Because Lapid’s agenda has focused on Haredi draft enlistment, it has sparked many a polemical debate in Israeli society and has thoroughly roiled the ultra-Orthodox community who are adamantly opposed to serving in the military.
The Jerusalem Post reported that while speaking on the Israeli Channel 2 program “Meet The Press” Lapid expressed confidence that Yesh Atid representatives on the special Knesset committee on the Haredi draft issue would reach a satisfactory agreement with the Bayit Yehudi party, which opposes criminal sanctions
“There is a law that must obligate everyone, and everyone will have to obey it,” he said. “We will not sit in a government that will not pass the draft bill, and it must be real. I won’t accept some kind of camouflage just to stay in the government.”
The Shaked committee, headed by MK Ayelet Shaked of the Bayit HaYehudi party has been given the authority to craft the legislation according to the recommendations presented to the government by the Peri committee, according to a report on Israel HaYom. The committee was named eponymously for Science and Technology Minister MK Yaakov Peri of Yesh Atid who was asked by the government to devise a plan that would promote the integration of the haredim and other minority groups into military and national service.
While speaking on Israeli TV, Lapid disclosed the fact that a dialogue had been established with Haredi leaders on the issue but discussions were being kept under wraps. Lapid said that the Haredi riots that took place on Thursday, Feb 6 did not ruffle him and called upon the vast majority of secular Israelis to display understanding towards the Haredim as they navigate unprecedented transitions in their lives due to army service.
“We were not surprised by the extent of the demonstrations,” Lapid said. “We know we are working on a societal revolution and that it is difficult. That’s why people were afraid of dealing with it in the past. We are not afraid. It is an open wound in the heart of the state, so we will pass the bill.”
The current, 30-page bill outlines the recommended guidelines to promote the integration of Haredim into the army including the financial sanctions that will be imposed on those who refuse to serve: suspension of their social security benefits, reducing daycare subsidies by 25 percent, annulling property tax breaks, suspending Housing Ministry benefits, annulling various mortgage mitigations and suspending funds for Haredi institution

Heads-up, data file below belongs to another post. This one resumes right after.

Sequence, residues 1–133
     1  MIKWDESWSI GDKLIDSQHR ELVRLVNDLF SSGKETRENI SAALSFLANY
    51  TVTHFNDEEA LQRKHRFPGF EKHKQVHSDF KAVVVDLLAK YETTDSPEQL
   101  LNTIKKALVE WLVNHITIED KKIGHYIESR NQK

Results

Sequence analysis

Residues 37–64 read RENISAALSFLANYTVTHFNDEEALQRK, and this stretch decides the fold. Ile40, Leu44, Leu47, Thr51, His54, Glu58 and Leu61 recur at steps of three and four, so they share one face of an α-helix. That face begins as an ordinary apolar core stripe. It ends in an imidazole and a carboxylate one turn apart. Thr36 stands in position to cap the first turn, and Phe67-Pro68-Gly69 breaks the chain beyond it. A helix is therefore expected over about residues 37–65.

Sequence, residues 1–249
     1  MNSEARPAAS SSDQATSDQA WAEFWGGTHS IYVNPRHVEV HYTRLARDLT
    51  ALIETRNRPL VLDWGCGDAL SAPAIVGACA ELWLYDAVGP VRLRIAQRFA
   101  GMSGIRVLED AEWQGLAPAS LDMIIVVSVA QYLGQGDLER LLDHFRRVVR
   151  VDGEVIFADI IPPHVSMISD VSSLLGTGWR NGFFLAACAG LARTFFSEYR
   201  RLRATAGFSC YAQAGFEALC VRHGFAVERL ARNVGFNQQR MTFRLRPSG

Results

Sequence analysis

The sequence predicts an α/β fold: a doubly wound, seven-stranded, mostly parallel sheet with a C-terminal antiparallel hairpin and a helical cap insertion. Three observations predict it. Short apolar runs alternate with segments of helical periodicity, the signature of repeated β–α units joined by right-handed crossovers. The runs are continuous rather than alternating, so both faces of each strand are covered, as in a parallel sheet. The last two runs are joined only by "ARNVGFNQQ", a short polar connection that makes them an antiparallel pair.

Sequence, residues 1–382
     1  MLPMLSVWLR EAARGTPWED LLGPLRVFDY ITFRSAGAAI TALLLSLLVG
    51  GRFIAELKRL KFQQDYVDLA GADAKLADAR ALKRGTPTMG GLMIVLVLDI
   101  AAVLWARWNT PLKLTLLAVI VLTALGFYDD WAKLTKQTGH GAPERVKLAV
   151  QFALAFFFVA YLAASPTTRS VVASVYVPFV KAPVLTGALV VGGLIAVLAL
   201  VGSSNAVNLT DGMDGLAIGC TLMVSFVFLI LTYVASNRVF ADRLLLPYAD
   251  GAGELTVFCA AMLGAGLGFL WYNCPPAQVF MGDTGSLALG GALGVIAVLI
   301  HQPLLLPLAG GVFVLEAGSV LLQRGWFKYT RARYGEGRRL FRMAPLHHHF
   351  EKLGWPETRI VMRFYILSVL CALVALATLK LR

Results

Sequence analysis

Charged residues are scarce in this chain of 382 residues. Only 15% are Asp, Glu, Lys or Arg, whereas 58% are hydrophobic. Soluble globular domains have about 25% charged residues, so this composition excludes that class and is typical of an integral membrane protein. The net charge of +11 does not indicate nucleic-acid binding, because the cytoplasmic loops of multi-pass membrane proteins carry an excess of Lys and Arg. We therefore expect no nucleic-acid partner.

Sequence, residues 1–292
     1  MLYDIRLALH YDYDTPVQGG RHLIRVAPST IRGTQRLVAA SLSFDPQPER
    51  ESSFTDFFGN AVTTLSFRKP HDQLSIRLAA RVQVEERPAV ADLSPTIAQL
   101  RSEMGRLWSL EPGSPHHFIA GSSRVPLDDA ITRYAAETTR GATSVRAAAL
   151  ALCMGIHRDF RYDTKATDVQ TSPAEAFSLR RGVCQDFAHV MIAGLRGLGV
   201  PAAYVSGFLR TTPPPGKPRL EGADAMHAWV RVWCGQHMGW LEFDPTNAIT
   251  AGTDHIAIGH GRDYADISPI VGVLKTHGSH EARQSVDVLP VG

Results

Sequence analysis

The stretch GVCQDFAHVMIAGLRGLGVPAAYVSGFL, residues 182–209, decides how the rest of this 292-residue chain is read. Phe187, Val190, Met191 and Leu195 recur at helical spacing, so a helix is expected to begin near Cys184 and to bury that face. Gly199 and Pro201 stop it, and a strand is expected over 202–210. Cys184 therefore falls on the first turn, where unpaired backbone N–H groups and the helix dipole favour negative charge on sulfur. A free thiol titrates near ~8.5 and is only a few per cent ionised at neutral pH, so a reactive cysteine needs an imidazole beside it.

Violent scenes unfolded last Thursday as thousands of Haredim from across the country staged demonstrations against coerced enlistment in the army. Only a day earlier, a yeshiva student had been arrested for failing to present himself at an IDF enlistment office.
The Jerusalem Post also reported that the protesters were also adamantly opposed to the High Court of Justice’s recent decision to halt government stipends to several thousand full-time yeshiva students.
Demonstrators gathered last Thursday at major traffic intersections at the entrances to Jerusalem, Bnei Brak, Ashdod and Modi’in Illit in order to stop traffic. In addition, large numbers of rioters clashed with police and the authorities responded with the use of water cannons while officers attempted to disperse the large crowds.
Police arrested a total of 34 protesters around the country. Three officers were wounded, one due to a stone a rioter threw at him.
In Jerusalem, underneath the Bridge of Strings, police dispersed the Haredi protesters and arrested 12 for disturbing the peace. At the Coca-Cola junction on Route 4 near Bnei Brak, some 2,000 haredim demonstrated. Police arrested three of them, and one officer was injured, according to a Jerusalem Post report.
In Ashdod, 13 people were arrested and charged with various offenses including participating in an illegal gathering, rioting, aggravated assault against police officers, obstructing a police officer and insulting a public official.
The Jerusalem-based faction of Rabbi Shmuel Auerbach’s followers, which organized last Thursday’s demonstrations have announced plans to stage similar protests this week, according to a report on Israel HaYom.
“There will be no negotiation. Not one single son of the Torah will enlist in the army,” one of Auerbach’s followers said.
Last Tuesday, the High Court issued a ruling requiring the state to freeze government subsidies from Haredi students aged 18-21 who refused to comply with their draft notices.
It was then that Lapid halted funding, but the following day, the Treasury discovered that the funds had continued to make their way to the students, according to a Jerusalem Post report.
After an urgent consultation, Lapid ordered that all yeshiva funds be frozen until the Education and Defense ministries could sort out precisely which yeshiva students were meant to be cut off. He said the action was necessary to comply with the High Court’s decisions.
Yisrael Beytenu Chairman and Foreign Minister Avigdor Lieberman also commented on the issue on Saturday, saying that “there is no reason why a Haredi man who doesn’t want to serve in the military can’t serve his community instead. There is no ultimatum here. Anything that can promote unity is good.”